Marketing lessons from the most face-meltingly awesome leaders of all time.
Intrepidus fortuna adiuvat (Fortune favors the intrepid)
“There’s an old saying about those who forget history. I don’t remember it, but it’s good.” –Stephen Colbert
“Women don’t want all that. Women just want a partner who is considerate and attentive, who will spoon with them while reciting Keats, and feed them organic yogurt by candlelight on a seaside cliff at sunset.” –Stephen Colbert
Humor. It works…well, if you master its nuances and timing. No one has done this more skillfully than political satirist, writer, TV host and comedian, Stephen Tyrone Colbert. Colbert has developed a caricature of a staunch conservative pundit. Through this persona, he manages to poke fun at conservatives, liberals, media, people who hate puppies, men, women, carrots and pretty much everyone else. The sheer number of Emmy, Grammy and Peabody award nominations he’s received would boggle Stephen Hawking’s mind. He was named one of Time Magazine’s 100 most influential people, and has had a number one book on the New York Times Best Seller List: I Am America (And So Can You!). Plus, he’s a full inch taller than Johnny Depp and can communicate with eagles by telepathy.
Not only that, Colbert has given us epigrammatic wisdom such as, “The pen is mightier than the sword, if you shoot that pen out of a gun,” and “I may not agree with what you have to say but I will fight you to the death for the right to fight you to the death.”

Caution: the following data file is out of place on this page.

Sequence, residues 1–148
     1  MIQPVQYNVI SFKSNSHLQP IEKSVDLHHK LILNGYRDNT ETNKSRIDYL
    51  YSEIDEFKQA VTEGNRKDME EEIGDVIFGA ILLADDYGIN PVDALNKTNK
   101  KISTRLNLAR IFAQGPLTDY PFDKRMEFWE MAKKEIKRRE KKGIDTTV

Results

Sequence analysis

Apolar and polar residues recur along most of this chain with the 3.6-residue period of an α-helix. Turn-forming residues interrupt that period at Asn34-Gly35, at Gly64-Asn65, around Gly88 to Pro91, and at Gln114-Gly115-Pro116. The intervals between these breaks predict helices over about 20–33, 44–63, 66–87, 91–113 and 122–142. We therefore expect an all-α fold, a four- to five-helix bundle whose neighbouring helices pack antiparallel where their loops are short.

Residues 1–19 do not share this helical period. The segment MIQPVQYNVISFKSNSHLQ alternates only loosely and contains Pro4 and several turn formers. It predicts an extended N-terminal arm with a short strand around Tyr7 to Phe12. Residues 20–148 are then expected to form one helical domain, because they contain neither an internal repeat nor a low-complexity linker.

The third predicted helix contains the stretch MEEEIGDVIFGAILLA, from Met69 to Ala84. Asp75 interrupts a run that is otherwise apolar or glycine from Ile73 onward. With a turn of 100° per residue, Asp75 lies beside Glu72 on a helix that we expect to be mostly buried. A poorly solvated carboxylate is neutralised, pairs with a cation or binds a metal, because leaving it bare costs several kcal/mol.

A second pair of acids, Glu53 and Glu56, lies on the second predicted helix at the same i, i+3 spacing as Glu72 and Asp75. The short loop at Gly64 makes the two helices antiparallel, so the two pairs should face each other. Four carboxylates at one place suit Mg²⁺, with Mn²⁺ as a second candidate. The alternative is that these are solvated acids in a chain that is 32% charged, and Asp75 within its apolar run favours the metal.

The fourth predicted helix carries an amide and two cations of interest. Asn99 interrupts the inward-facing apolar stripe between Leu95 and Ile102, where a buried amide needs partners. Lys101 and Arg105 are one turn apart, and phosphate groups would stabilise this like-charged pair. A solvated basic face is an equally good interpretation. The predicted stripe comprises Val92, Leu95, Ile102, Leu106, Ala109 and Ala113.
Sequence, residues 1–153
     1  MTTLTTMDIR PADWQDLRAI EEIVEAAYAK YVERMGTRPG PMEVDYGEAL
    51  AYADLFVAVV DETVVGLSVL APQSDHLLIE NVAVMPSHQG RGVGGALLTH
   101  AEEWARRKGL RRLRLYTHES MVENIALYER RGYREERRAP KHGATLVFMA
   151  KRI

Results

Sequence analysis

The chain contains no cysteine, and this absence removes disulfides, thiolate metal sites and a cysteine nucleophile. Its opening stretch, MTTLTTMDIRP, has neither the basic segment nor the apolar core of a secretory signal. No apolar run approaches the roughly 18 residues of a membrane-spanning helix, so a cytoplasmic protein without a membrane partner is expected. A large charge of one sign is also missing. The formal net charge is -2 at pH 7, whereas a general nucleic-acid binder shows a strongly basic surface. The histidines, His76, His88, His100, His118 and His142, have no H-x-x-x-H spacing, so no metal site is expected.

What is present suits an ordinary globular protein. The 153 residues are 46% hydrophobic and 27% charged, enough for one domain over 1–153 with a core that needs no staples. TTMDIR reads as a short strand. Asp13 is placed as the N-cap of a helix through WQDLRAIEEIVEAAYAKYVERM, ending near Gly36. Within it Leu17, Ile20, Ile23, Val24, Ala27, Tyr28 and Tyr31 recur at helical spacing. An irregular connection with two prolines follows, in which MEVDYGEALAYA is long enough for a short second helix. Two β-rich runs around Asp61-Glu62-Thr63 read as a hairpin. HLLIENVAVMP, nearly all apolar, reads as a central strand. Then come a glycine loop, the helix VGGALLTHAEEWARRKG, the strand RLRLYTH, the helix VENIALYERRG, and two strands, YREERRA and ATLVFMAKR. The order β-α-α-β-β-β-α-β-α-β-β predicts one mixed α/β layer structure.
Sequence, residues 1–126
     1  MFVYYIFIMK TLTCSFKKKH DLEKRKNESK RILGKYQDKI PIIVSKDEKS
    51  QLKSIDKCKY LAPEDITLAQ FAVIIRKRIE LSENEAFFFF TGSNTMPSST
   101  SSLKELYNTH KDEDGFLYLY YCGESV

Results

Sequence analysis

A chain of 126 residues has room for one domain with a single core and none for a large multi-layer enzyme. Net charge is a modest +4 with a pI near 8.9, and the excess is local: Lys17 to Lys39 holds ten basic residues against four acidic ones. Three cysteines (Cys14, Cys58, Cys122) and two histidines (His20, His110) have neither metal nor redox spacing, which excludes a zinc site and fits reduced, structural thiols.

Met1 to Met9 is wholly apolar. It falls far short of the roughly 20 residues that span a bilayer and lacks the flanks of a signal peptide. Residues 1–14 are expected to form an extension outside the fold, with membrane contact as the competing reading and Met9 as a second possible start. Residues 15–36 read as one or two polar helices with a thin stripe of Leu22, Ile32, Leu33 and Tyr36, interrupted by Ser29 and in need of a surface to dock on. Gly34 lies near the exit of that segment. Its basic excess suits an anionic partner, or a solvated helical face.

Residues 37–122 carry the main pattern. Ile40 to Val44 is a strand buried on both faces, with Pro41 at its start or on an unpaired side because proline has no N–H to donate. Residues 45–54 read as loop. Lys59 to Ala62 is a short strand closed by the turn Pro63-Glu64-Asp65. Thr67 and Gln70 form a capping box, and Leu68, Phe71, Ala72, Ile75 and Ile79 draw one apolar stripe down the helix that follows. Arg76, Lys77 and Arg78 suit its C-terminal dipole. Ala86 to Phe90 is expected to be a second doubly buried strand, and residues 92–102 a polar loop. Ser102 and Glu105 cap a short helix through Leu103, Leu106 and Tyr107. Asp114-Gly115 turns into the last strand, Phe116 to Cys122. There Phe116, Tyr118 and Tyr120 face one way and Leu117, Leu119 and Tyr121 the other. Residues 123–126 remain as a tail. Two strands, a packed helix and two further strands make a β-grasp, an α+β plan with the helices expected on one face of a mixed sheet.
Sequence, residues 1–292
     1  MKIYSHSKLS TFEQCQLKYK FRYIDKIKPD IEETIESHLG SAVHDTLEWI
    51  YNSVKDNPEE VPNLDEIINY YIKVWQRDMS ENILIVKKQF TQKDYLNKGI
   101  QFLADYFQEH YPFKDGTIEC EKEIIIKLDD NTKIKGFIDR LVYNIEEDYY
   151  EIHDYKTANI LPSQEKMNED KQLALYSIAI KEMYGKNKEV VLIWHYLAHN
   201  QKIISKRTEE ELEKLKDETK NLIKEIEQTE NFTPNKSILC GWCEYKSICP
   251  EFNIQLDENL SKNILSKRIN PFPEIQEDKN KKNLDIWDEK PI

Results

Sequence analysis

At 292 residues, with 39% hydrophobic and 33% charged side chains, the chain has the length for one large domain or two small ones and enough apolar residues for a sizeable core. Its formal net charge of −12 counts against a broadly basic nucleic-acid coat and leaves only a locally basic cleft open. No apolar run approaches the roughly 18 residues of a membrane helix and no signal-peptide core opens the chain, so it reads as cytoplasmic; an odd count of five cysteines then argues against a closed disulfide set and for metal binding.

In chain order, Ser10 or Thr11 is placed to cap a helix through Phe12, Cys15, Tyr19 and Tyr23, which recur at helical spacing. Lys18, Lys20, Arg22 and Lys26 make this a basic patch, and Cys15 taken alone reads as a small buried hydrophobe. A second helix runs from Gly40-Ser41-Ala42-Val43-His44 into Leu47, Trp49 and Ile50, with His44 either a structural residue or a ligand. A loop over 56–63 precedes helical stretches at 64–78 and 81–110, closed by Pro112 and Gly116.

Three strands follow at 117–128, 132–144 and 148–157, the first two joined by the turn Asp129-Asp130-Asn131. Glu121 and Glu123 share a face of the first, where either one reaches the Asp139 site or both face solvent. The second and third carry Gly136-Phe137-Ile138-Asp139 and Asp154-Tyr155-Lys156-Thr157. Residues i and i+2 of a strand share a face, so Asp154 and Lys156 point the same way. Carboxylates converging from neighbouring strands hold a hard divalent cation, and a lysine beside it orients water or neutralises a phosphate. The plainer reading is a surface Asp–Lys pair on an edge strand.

The Colbertinator has an important lesson for you and your business: Don’t be afraid to use humor in your advertising, but use it wisely. A concept that falls flat, offends or fails to match the style of humor with your audience can have devastating consequences. However, skillfully-applied, it can make your brand voice stand out above the clutter.
People are people, even if they sit behind a big desk with a gilded nameplate, have their own private bathroom with goldleaf toilet paper and retain one of those guys waving an ostrich-feather fan. People like to laugh, and if you make them laugh, it shows them you’re a real person and possibly cool to hang out and do business with.
So, how can you increase the odds that your humorous ad campaign will have a positive impact, instead of creating a PR nightmare? The very best way is to consult with an experienced ad campaign professional. We in this field have a real sensible sense for a sense of humor that makes sense. Barring that, though, make sure you run your ideas by a wide range of people to get their feedback. Drawing a “storyboard” of ad ideas can help you and others visualize the concepts, unless your drawing looks like something cooked up by Harold and the Purple Crayon
Oh, and read Colbert’s book. In his own words, “If there’s a better book than this, I haven’t written it.”
Kelly Walker is creative director for Intrepid Marketing, a Bend, Oregon ad agency. For more information, contact Kelly at: 541-419-9976 or Kelly@intrepidforward.com